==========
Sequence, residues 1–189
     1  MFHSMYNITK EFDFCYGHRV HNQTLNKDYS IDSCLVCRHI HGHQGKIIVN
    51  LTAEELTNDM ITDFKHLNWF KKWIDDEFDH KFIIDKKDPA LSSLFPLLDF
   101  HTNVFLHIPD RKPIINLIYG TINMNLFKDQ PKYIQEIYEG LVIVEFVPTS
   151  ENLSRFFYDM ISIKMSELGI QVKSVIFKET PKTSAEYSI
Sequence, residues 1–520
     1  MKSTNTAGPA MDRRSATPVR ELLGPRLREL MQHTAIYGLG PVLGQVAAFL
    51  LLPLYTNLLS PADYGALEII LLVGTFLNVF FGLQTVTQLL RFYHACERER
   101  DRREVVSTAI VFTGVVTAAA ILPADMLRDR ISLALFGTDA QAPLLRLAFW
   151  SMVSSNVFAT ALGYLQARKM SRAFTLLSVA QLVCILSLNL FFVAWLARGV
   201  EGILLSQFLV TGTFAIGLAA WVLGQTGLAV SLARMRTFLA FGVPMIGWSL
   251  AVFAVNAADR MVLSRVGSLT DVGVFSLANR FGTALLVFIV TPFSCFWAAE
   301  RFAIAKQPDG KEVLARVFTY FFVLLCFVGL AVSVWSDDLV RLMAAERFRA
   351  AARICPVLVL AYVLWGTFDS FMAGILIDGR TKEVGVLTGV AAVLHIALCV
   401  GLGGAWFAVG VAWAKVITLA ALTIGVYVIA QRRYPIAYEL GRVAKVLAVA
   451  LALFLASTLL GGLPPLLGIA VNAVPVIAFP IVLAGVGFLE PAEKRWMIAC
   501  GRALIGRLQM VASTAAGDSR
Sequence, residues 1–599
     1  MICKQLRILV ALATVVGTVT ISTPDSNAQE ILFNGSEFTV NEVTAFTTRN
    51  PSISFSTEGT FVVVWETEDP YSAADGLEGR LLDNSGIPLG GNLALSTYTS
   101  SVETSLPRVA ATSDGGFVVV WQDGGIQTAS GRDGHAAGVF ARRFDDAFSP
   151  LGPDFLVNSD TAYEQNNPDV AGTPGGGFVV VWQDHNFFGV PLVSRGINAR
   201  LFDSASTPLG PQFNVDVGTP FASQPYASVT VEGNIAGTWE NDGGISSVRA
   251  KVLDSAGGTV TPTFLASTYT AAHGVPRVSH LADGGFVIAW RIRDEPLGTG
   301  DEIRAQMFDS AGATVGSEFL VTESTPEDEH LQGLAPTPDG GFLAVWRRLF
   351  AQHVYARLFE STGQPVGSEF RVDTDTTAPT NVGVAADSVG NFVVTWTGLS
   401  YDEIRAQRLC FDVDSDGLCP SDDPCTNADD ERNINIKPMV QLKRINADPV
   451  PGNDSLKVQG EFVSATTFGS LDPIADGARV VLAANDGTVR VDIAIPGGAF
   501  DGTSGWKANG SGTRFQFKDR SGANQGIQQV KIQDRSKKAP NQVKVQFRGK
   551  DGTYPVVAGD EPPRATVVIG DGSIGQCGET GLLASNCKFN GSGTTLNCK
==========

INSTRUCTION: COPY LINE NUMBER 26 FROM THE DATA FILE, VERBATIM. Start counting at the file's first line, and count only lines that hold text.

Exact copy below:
   351  AQHVYARLFE STGQPVGSEF RVDTDTTAPT NVGVAADSVG NFVVTWTGLS